Water temps hovering around 60 degrees, and dropping slowly but steadily.
Walleye in the Eagle River area are putting on a good to excellent bite. Fish 10 to 30 feet off of break edges or adjacent mud flats. The walleye are tight to bottom. Use a 1/8th ounce jig and a fathead. All day action.
Northern are locating in and around in 10 feet of water or less, in the Eagle River area. Use a bass style spinner bait, small bucktail, Rapala Husky Jerk, or a northern sucker under a slip bobber. All day action. Bite is good to excellent.
Panfish (crappies, bluegills and perch) in the Eagle River area are locating in 15 feet of water or less outside of weed edges. Use a crappie minnow or chunk of crawler under a slip bobber or small jig. Perch are tight to bottom, with crappies and gills suspending up and down the water column (day and lake dependent). All day action. Bite is good to excellent.
Musky in the Eagle River area are in 15 feet of water or less off of weed edges or adjacent hardbottom areas. Use a bucktail, topwater, crankbait or jerkbait. All are working. Some anglers are starting to try live suckers with mixed results. Still a bit early for suckers. All day bite with peaks in the evening. Use a regular retrieve, and always do a “figure 8” as your lure nears the boat. Action is good.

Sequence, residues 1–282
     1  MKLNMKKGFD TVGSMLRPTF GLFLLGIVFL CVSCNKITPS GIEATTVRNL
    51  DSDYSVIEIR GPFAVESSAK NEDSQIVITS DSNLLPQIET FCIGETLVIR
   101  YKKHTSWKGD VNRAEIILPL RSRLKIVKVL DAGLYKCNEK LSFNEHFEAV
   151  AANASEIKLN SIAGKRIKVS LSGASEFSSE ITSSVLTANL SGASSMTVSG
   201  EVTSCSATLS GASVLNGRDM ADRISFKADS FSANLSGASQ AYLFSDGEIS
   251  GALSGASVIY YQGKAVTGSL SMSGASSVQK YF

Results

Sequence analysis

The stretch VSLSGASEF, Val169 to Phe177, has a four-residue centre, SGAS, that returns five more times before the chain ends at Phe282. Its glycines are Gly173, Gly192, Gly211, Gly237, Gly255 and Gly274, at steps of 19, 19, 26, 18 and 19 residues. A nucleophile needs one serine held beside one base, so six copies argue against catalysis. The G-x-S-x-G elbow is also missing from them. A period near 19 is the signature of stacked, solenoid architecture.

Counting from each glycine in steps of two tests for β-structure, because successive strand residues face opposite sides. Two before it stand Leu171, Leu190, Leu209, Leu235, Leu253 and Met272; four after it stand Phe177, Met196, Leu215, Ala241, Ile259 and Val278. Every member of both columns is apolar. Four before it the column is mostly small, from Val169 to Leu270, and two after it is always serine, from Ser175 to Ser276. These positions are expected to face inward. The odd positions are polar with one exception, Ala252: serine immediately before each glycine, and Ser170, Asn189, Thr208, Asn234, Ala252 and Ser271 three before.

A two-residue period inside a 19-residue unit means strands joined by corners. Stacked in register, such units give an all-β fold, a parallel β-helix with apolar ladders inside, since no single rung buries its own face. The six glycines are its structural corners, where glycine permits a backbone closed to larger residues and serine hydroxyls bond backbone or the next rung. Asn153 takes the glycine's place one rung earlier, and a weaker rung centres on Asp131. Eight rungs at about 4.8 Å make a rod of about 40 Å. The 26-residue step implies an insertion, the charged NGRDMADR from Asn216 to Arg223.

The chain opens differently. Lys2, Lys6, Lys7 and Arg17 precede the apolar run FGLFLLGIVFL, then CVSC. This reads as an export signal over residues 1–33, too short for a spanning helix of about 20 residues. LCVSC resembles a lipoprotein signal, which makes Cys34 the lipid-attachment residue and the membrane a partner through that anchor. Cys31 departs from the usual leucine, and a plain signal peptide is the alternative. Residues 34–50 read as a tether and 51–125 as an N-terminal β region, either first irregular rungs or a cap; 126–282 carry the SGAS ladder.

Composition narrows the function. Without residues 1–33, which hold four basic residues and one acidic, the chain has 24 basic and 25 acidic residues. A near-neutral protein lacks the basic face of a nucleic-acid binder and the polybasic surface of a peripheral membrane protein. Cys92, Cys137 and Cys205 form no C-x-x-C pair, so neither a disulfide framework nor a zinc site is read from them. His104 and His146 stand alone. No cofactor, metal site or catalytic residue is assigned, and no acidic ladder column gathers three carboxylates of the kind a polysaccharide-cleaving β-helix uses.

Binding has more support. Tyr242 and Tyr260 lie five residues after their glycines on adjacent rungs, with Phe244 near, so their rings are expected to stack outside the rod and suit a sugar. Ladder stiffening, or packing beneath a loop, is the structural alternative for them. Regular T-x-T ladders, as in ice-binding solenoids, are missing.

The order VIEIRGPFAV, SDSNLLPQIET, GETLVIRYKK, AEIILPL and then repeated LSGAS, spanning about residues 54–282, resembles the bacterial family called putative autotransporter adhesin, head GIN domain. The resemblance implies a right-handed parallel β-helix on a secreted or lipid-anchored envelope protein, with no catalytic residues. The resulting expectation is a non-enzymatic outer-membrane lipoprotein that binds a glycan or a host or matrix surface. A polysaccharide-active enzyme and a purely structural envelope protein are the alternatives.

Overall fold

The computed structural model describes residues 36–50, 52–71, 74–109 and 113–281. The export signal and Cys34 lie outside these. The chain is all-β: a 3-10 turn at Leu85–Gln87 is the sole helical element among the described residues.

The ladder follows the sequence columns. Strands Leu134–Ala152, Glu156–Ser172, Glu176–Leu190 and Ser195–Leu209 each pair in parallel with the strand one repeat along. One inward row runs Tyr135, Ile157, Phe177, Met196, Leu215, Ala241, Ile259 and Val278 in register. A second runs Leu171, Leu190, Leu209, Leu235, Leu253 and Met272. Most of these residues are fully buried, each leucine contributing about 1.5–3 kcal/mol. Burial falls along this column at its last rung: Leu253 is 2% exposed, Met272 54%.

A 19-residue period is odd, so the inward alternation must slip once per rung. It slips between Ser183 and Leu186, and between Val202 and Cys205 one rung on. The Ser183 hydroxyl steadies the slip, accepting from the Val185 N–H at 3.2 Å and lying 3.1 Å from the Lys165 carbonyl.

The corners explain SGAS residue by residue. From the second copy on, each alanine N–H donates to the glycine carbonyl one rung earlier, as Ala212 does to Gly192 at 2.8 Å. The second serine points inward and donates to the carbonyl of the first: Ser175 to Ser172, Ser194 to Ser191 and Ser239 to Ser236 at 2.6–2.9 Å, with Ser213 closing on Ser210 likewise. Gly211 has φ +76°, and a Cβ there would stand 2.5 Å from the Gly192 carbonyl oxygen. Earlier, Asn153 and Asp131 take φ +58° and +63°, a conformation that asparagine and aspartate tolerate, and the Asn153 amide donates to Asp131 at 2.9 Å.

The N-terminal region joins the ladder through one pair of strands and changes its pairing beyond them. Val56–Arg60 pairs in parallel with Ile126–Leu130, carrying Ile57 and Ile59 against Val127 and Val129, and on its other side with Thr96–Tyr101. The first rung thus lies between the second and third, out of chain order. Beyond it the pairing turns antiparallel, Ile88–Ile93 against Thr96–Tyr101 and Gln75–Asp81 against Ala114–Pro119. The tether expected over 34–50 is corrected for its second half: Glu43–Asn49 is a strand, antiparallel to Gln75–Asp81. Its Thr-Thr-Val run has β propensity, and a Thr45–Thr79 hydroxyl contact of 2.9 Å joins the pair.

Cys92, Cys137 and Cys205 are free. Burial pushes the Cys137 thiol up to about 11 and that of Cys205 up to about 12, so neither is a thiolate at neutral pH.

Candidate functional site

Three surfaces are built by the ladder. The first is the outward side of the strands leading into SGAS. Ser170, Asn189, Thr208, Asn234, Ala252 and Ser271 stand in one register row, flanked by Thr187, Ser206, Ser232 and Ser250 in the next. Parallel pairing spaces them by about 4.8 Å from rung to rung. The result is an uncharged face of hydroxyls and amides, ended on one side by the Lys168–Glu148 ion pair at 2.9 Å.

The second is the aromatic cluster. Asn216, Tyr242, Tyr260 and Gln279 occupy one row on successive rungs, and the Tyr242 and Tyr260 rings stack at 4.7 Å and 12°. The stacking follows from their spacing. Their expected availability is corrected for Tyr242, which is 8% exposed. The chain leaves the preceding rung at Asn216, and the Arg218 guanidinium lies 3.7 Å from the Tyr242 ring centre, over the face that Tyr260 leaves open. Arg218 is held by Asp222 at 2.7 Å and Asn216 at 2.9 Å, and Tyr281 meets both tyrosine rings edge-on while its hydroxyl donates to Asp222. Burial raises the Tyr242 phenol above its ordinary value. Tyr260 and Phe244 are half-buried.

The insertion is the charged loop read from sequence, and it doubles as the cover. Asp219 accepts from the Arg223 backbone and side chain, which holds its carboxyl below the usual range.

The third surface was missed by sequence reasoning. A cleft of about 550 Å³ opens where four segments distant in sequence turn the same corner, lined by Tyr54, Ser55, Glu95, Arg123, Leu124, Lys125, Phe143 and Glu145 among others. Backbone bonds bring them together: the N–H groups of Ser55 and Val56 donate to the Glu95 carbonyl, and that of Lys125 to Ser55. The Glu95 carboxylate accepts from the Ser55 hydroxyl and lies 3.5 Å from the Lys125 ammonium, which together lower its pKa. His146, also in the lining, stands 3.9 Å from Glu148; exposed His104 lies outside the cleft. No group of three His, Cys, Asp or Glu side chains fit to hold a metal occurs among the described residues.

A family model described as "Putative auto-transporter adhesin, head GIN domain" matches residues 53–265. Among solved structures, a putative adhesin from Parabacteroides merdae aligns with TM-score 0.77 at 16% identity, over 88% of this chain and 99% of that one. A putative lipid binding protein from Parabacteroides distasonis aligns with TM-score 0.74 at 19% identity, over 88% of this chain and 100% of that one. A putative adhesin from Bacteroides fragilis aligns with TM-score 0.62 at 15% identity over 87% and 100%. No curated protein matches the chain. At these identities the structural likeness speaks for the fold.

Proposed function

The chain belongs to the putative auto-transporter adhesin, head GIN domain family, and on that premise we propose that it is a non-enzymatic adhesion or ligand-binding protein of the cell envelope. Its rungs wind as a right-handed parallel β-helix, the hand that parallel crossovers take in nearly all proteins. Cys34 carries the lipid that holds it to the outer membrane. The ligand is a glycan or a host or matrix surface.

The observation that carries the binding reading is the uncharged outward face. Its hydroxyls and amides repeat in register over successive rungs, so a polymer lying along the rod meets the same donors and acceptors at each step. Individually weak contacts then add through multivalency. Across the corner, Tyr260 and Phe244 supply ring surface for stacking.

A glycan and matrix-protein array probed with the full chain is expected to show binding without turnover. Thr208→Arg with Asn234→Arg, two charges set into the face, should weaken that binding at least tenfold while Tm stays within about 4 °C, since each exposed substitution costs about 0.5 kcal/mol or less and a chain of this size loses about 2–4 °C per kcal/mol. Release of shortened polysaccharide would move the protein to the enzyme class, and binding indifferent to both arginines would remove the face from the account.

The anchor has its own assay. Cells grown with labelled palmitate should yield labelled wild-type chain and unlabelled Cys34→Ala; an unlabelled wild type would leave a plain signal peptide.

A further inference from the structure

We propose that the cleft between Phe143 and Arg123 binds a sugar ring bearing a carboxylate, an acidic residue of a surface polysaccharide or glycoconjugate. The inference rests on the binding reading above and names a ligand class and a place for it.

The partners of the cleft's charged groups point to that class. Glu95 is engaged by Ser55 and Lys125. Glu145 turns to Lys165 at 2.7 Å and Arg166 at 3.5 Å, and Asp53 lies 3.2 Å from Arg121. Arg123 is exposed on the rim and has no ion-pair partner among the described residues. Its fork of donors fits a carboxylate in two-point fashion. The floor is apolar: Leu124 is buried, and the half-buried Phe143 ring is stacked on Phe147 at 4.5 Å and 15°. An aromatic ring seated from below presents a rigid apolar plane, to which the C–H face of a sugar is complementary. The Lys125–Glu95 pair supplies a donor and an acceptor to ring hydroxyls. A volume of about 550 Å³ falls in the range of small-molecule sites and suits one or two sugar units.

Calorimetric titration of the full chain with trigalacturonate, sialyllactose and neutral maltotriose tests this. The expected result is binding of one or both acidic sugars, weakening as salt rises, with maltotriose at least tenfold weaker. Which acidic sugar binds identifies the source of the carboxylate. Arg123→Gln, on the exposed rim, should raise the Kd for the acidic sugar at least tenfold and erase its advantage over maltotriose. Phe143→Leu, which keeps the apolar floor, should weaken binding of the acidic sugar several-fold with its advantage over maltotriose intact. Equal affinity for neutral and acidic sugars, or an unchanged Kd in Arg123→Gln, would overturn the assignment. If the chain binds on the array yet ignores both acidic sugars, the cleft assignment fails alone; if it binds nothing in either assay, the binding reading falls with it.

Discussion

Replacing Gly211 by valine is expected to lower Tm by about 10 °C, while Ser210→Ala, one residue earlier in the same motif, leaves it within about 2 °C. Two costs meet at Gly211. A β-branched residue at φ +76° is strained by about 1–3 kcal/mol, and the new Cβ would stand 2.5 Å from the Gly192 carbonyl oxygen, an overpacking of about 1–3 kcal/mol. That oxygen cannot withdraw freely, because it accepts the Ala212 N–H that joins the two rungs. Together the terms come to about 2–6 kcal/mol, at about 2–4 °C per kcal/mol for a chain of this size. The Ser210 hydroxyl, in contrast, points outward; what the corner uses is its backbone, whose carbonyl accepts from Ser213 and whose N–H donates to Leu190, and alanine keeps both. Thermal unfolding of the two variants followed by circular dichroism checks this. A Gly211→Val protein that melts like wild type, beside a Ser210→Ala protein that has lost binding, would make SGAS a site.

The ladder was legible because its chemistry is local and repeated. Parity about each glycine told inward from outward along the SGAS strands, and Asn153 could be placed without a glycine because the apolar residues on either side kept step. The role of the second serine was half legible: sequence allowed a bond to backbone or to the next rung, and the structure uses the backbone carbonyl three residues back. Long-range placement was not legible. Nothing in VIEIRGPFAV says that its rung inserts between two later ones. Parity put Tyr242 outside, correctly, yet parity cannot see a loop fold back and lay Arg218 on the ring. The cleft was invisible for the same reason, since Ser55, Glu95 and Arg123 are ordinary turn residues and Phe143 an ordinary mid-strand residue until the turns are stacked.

Smallmouth basss in the Eagle River area are in 10-30 feet of water off of break edges in hardbottom areas. Use a plastic tube or crawfish, or a jig and a minnow. All day action. Bite is good.
Largemouth bass in the Eagle River area are in 10 feet of water or less in and around weeds. Use a plastic rigged weedless, bass style spinner bait, or a Mepps spinner. All day action. Bite is good.
The fall colors are at their peak right now in the Eagle River area. For grouse hunters, this means there are still plenty of leaves on the trees blocking visibility and shots. But this also means prime time for Eagle River grouse is only a week or two away. Until that happens, the birds will still be somewhat spread out across the forest.
The family groups of summer are now broken up. Duck hunters are starting to see the wood ducks move. Flocks of woodies are staging for their migration south, and we are seeing a few birds from further north. The next cold snap will push them out.
Migrating honkers are moving into the area.
Some young bucks are starting to chase does around the Eagle River area. If you see does moving through the forest, keep your eyes peeled for a bucktrailing them. Deer activity in general is better during the evening hours.